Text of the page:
This disequilibrium in the labor market has been due to changes in both sides of the supply-demand equation.
Global Market Strategist
Listen to On the Minds of Investors
The March employment report showed that the U.S. economy continues to recover in the aftermath of the COVID pandemic, with the labor force exhibiting signs of multi-generational tightness. Despite an unemployment rate of 3.6%, among the lowest experienced in the last 50 years, and average monthly job gains of 600,000 over the last six months, the Labor Department reported that there were 11.3 million job openings at the end of February – a surplus of 5.3 million jobs over the number of unemployed workers.
This disequilibrium in the labor market has been due to changes in both sides of the supply-demand equation. Labor force participation has declined from 63.0% in March 2019 to 62.4% in March 2022, resulting in 1.6 million fewer workers in the labor force. On the supply-side, we have written about some of the structural issues that have led to this, namely aging demographics and lower immigration. However, even if we added back the 1.6 million “missing” workers into the labor force, the U.S. economy would still face a shortage of roughly 3.7 million workers relative to job openings. What explains this huge excess in labor demand?
The chart below looks at a combination of job openings and employment at a sector level, and allows us to measure “aggregate labor demand” from where the demand for workers is filled (current employment) and unfilled (job openings). In general, this measure of labor demand is greater by 3.5 million workers than it was pre-pandemic. On a sector level, we can observe a few key changes:
- The health care and social assistance sector has greater demand for labor despite experiencing minimal losses in employment, reflecting an increased need for health workers during and following the pandemic, in addition to the healthcare needs of an aging population.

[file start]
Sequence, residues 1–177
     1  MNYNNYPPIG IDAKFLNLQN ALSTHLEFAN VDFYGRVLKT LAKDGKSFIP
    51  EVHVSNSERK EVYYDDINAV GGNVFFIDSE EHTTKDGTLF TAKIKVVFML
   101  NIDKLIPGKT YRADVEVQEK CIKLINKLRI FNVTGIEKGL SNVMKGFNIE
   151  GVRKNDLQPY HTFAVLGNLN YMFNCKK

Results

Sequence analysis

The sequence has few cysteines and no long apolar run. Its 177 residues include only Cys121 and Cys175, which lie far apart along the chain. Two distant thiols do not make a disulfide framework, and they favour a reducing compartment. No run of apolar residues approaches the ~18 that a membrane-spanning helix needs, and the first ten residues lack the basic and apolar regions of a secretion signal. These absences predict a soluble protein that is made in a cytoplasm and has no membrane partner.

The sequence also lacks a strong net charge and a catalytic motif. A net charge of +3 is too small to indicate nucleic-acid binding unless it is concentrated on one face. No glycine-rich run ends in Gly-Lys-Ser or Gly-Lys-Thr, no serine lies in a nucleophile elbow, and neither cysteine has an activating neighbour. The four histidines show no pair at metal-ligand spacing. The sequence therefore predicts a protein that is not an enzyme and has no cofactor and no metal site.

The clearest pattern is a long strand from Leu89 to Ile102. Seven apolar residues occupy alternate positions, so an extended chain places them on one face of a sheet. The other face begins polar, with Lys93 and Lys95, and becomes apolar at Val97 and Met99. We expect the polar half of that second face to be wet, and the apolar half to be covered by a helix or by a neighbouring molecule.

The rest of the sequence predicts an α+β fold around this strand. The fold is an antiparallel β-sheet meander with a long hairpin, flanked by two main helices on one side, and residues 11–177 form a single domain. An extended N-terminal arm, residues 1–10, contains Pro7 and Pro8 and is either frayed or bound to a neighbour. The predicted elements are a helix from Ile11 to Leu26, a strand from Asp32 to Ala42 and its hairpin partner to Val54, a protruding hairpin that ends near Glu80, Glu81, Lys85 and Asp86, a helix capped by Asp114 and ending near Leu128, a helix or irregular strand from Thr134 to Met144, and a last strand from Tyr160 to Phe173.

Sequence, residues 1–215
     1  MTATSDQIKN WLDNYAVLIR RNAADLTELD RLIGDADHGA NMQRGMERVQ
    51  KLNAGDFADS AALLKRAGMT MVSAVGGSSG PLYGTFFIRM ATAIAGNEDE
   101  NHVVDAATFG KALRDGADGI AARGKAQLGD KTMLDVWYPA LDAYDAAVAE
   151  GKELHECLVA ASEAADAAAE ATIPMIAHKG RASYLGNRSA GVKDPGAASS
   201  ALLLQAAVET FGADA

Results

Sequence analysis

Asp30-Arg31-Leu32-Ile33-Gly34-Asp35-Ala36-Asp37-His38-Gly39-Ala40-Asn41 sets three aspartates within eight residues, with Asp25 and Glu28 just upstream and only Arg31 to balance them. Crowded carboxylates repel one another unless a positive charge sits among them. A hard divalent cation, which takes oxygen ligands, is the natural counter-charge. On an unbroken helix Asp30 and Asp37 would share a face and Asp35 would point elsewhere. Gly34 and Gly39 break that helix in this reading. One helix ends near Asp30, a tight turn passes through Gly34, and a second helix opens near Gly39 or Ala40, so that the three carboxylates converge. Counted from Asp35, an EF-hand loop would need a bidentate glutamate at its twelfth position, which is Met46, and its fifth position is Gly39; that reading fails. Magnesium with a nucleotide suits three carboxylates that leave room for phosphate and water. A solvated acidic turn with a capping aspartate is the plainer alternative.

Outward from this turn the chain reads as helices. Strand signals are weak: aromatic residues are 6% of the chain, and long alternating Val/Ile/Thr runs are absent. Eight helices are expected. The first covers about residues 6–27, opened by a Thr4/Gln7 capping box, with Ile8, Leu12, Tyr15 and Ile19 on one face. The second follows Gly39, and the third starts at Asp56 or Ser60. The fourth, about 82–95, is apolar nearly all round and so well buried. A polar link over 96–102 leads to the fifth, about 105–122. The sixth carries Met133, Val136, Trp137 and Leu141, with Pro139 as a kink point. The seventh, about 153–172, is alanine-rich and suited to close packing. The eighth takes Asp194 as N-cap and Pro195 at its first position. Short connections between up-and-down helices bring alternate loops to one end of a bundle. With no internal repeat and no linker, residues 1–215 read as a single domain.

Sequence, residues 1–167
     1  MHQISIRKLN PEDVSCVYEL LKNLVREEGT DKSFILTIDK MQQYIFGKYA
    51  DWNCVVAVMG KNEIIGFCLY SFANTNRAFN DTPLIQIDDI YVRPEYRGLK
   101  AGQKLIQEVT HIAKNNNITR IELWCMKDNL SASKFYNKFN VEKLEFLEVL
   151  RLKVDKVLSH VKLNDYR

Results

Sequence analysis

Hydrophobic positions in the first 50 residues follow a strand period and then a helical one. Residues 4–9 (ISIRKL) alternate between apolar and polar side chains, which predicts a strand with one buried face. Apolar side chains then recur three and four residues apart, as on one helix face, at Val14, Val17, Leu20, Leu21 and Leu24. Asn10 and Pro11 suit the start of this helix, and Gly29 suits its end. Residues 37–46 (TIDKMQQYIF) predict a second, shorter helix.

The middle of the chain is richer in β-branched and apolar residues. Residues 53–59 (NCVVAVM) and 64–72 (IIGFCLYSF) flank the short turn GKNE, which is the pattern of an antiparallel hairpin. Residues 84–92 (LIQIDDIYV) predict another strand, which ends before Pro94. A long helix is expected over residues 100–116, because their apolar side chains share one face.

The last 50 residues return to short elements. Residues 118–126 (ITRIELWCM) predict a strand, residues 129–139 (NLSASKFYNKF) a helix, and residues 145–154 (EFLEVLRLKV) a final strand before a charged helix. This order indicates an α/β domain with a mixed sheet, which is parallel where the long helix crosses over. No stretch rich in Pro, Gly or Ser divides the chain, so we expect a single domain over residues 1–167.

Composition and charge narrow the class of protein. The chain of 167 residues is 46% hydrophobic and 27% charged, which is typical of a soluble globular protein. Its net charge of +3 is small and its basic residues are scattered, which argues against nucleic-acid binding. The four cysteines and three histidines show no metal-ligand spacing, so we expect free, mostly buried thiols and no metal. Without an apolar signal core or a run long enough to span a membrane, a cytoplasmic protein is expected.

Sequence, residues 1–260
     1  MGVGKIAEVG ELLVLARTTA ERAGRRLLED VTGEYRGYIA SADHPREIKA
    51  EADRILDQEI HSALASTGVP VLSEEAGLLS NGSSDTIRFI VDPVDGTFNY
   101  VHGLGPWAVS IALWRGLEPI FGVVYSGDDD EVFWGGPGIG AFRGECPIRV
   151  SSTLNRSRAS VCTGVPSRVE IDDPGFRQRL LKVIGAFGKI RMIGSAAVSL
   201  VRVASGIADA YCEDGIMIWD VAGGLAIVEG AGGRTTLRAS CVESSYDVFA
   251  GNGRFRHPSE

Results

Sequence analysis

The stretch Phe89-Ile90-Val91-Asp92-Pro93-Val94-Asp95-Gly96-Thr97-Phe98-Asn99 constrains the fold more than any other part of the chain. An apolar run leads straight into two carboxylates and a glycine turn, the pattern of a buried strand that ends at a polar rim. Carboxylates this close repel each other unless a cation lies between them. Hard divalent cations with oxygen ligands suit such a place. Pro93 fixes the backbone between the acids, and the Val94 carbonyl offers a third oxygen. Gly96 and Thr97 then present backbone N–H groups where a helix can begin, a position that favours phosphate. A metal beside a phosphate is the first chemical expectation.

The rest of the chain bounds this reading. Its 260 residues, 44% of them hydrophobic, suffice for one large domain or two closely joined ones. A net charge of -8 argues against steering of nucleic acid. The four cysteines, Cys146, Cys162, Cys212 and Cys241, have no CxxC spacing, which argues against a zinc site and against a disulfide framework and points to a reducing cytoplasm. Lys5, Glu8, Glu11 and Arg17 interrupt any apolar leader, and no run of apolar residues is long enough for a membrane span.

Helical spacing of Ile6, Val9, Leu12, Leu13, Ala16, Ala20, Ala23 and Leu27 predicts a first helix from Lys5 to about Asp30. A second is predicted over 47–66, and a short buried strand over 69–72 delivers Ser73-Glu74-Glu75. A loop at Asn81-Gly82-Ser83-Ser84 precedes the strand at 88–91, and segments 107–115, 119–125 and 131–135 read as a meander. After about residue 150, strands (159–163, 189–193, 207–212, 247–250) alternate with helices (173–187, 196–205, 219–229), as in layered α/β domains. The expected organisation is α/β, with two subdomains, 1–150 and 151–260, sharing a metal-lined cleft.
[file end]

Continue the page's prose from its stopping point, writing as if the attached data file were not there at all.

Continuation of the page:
- Even if the leisure and hospitality sector filled all of their current job openings, it would still not cover the substantial loss in employment experienced during the pandemic as workers fled for higher-paying or better-quality jobs.
- The top sectors for aggregate labor demand are retail trade, transportation and warehousing, and professional technical jobs (a subset of professional and business services); they have also seen meaningful increases in employment. This is likely driven by strong goods demand throughout the pandemic and an increased need for cost-saving technology in the face of supply-chain issues.
All told, the U.S. economy is not only battling a shortage of workers but also an increased need for them. Some of this demand might be explained by the growing economy, as U.S. real GDP is 3.2% higher than it was in the fourth quarter of 2019. However, it may also be an indication that pandemic-related disruptions to the labor force may have become more permanent than initially thought. The antidote to this labor market disequilibrium will likely have to include a mix of enhancements in productivity, better skills-based training for workers and increased immigration. In the meantime, investors must prepare for challenged corporate earnings, higher inflation and higher interest rates, in turn suggesting the need for active management and diversification.
Growth in aggregate labor demand since pre-pandemic
JOLTS job openings and employment, Feb. 2022 minus Feb. 2020, SA, thous persons
Source: Department of Labor, J.P. Morgan Asset Management. *Other includes mining and logging, construction, information, wholesale trade, financial activities and other services. Data are as of April 12, 2022.
 “The Great Worker Shortage”, David Kelly. https://www.linkedin.com/pulse/great-worker-shortage-david-kelly/?trackingId=UFa%2BEZl6HpW7NNK5f3%2F2eg%3D%3D